Levi Romero

 

The lowrider has always been a representation of individual expression and identity, with connotations of a rebellious and non-conforming nature. The vato loco archetype became the model for the lowrider, and it was that paragon of social deviance that formed the alluring quality that sometimes attracted a young Chicano feeling the need to affirm his individuality and social status. In my contemplations regarding the lowrider lifestyle, as I have witnessed it and lived it, as I have loved it and have attempted to outgrow my attraction to it, with no success—I have come to recognize that the lowrider bore not only the burden of his own individual identification, but also sustained the cultural traditions of language, religion, spirituality, allegiance to community, proclaiming proudly, even arrogantly, his existence in the reality of a social status smirked at by the status quo. I can recall as a young boy seeing these individuals parked in their lowered rides under the shade down by the river, or alongside turn-arounds, or cruising slowly through some dirt road weaving through the village; their slow rides bouncing rhythmically to the grooves spilling out from their car radios.

 

Levi Romero, an author and New Mexico Centennial Poet, is from the Embudo Valley. He has taught creative writing, Chicano Studies and cultural landscape studies at the University of New Mexico. His language is immersed in the regional manito dialect of northern NM.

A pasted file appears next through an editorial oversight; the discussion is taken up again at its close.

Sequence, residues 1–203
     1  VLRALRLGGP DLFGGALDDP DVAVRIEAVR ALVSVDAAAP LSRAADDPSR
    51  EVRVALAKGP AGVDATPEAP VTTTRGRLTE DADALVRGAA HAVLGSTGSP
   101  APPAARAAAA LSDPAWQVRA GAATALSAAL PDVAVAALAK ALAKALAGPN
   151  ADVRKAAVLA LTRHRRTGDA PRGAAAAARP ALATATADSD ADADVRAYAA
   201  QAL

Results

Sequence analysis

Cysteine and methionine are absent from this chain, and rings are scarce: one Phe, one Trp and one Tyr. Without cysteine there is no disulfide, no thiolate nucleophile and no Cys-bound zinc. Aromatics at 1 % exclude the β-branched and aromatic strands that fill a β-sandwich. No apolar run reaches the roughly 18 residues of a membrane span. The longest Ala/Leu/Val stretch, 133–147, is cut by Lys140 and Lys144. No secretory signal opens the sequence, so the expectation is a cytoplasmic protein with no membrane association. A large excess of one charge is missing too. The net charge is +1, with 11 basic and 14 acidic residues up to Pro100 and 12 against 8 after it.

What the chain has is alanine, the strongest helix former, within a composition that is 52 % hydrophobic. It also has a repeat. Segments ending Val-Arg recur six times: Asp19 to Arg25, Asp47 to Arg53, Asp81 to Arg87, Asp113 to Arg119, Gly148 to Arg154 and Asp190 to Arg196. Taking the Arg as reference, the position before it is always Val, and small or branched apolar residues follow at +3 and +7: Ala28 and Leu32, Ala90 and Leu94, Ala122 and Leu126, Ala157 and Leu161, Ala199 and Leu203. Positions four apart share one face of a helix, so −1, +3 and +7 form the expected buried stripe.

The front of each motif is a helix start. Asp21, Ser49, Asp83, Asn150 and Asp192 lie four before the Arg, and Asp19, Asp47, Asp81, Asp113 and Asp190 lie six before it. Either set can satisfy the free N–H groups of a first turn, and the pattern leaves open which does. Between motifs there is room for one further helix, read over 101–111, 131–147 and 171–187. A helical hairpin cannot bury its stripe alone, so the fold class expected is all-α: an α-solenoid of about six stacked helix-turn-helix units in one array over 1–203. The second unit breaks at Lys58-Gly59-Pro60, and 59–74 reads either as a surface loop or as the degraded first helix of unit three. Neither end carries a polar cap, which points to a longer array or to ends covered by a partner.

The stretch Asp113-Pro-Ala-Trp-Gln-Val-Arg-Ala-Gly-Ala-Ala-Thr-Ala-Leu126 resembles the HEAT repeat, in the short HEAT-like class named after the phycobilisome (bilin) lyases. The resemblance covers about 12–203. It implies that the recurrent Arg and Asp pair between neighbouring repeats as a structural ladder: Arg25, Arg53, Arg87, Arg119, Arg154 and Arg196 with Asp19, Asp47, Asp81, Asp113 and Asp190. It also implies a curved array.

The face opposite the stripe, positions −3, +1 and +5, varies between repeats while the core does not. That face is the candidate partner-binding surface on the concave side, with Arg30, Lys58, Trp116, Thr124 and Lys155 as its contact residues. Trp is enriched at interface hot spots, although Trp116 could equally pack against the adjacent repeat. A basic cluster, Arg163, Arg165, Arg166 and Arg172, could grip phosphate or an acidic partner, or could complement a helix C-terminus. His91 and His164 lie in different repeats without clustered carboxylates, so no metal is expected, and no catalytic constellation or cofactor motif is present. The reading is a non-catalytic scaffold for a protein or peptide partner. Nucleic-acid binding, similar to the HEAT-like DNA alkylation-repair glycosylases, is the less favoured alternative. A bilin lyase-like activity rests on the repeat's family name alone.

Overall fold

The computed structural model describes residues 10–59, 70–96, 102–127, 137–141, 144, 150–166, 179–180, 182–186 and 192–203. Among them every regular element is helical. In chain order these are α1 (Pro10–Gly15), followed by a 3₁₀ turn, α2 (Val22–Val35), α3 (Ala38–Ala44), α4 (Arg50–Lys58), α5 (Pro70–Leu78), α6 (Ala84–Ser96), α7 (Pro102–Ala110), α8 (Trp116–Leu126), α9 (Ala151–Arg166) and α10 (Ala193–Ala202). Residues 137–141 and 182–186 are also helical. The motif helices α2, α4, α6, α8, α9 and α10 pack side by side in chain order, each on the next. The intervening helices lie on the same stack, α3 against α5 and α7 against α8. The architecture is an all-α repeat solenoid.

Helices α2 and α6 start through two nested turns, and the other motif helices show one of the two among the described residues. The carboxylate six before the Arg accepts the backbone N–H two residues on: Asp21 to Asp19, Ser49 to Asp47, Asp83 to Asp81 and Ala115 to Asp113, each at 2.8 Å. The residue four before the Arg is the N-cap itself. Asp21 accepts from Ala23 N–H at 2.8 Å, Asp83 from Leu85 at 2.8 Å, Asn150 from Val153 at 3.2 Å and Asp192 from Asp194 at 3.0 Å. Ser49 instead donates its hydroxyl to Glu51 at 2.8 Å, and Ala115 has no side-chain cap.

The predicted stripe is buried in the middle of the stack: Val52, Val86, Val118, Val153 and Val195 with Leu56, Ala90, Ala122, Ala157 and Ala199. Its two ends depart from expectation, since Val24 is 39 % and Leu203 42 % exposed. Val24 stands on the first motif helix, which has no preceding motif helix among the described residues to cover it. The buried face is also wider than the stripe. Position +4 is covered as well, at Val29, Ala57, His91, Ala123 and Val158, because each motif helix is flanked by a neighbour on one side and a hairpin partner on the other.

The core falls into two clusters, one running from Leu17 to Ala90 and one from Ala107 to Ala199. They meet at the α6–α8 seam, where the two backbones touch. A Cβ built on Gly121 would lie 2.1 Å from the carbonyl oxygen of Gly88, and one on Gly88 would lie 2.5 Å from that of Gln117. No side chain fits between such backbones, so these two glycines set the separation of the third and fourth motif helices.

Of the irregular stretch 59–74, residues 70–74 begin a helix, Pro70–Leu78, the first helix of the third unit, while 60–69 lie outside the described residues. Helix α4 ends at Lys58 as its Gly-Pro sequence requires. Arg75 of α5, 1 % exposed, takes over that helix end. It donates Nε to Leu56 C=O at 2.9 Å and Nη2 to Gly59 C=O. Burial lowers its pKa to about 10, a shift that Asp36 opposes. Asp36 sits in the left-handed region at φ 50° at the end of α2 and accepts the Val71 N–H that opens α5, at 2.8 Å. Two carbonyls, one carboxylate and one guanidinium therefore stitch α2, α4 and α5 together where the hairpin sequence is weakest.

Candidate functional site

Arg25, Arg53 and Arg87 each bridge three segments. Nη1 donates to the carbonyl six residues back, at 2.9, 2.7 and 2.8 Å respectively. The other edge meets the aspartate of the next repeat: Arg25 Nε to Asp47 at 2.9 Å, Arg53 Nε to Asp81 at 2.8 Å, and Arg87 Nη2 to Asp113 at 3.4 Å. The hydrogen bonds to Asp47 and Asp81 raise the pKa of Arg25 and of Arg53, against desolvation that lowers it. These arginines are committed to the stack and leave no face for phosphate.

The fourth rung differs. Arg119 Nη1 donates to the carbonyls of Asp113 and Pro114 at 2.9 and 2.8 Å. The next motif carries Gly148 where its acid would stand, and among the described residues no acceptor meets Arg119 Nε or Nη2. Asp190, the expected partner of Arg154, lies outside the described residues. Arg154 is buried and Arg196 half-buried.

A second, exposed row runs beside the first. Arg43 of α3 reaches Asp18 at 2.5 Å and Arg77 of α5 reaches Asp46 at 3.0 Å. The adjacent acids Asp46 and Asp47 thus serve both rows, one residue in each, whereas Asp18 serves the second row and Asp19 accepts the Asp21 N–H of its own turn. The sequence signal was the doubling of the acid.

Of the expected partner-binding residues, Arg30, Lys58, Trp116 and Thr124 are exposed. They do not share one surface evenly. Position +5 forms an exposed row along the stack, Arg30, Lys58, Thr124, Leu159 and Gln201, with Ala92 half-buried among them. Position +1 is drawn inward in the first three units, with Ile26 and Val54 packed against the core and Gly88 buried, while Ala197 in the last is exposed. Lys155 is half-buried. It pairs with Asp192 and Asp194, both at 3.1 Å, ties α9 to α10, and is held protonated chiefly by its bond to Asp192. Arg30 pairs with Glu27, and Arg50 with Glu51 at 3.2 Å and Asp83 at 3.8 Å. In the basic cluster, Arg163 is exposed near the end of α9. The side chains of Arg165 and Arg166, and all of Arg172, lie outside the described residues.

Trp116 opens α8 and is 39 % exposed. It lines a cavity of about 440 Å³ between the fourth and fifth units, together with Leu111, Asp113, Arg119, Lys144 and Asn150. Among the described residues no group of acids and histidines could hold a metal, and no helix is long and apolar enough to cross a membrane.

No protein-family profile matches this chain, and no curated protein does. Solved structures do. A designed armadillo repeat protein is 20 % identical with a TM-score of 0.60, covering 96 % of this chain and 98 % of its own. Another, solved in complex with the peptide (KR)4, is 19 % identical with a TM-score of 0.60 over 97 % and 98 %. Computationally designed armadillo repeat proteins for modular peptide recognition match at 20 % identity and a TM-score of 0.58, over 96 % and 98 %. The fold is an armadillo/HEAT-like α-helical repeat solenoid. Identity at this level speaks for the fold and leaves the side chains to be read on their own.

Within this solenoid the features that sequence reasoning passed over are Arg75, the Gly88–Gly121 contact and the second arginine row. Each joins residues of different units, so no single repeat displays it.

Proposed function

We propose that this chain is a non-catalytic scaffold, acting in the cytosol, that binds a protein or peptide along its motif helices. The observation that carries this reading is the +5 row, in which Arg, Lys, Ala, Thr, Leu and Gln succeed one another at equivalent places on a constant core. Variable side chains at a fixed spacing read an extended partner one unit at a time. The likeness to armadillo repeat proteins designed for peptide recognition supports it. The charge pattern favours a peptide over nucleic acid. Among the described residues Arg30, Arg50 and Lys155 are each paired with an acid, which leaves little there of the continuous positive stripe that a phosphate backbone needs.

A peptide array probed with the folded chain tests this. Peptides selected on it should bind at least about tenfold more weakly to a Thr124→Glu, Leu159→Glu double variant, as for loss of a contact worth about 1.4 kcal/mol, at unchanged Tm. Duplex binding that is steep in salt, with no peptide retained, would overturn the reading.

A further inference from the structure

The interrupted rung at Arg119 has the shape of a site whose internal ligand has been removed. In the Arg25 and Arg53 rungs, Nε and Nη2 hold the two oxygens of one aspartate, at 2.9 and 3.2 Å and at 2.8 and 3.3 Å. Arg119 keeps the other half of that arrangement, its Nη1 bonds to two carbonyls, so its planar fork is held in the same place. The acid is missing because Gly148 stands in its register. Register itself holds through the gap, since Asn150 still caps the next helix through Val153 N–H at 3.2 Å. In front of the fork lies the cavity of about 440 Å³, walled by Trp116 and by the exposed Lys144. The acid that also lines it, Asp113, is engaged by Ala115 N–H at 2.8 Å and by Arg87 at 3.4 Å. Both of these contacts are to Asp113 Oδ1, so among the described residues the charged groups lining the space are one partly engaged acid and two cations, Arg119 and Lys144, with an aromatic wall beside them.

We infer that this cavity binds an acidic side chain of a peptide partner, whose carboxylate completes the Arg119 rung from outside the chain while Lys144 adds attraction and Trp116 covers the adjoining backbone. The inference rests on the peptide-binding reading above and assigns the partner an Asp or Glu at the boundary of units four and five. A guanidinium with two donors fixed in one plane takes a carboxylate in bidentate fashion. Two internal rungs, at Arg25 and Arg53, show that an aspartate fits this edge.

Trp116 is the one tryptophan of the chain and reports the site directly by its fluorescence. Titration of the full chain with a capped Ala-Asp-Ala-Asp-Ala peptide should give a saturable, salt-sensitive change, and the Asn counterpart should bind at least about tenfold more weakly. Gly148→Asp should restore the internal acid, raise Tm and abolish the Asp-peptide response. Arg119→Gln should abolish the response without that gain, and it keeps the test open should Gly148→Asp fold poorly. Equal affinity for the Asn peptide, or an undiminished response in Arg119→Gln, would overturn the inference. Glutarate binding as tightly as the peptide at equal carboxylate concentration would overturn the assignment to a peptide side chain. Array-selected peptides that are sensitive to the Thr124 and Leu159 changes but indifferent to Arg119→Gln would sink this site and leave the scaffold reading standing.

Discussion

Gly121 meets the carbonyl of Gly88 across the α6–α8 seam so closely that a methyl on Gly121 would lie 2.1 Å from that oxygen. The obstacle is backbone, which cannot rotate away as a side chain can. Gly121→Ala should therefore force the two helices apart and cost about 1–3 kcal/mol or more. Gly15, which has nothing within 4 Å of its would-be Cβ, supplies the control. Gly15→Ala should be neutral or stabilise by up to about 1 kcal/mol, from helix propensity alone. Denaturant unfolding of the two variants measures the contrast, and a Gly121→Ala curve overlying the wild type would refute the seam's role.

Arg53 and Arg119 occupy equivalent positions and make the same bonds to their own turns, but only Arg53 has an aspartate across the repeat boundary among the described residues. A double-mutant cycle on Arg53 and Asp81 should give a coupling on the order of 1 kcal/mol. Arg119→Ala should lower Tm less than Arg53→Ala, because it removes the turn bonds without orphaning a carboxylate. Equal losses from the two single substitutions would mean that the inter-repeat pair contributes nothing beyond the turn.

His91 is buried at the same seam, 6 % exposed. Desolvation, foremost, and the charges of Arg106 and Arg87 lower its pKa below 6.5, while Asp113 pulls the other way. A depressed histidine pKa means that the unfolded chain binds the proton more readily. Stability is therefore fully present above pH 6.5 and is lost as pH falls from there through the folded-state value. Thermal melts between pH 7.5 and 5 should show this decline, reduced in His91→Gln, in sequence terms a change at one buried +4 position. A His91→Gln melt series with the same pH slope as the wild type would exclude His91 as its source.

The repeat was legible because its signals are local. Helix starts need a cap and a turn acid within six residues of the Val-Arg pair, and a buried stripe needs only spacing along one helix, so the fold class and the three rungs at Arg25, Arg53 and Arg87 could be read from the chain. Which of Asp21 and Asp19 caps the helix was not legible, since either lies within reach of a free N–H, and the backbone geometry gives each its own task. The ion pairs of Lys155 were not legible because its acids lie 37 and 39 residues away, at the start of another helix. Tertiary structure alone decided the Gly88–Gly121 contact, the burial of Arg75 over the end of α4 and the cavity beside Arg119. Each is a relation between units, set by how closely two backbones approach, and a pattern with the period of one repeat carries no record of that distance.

Los Héroes

 

los watchávamos

cuando pasaban

echando jumito azul

en sus ranflas aplanadas

como ranas de ojelata

 

eran en los días

de los héroes

 

cuando había héroes

turriqueando en

lengua mocha

y riza torcida

 

Q-volé

 

ahora nomás pasan

los recuerdos

uno tras del otro

y mi Corazón

baila

 

bendición

 

benedictión es

estar content

 

Señor, gracias por…

 

Gracias por todo

 

 

Wheels

 

how can I tell you

baby, oh honey, you’ll

never know the ride

the ride of a lowered Chevy

slithering through the

blue dotted night along

Riverside Drive Española

 

poetry rides the wings

of a ’59 Impala

yes, it does

and it points

chrome antennae towards

 

‘Burque stations rocking

oldies Van Morrison

brown eyed girls

Creedence and a

bad moon rising

over Chimayó

 

and I guess

it also rides

on muddy Subarus

tuned into new-age radio

on the frigid road

to Taos on weekend

ski trips

 

yes, baby

you and I are two

kinds of wheels

on the same road

 

listen, listen

to the lonesome humming

of the tracks we leave

behind

 

 

 

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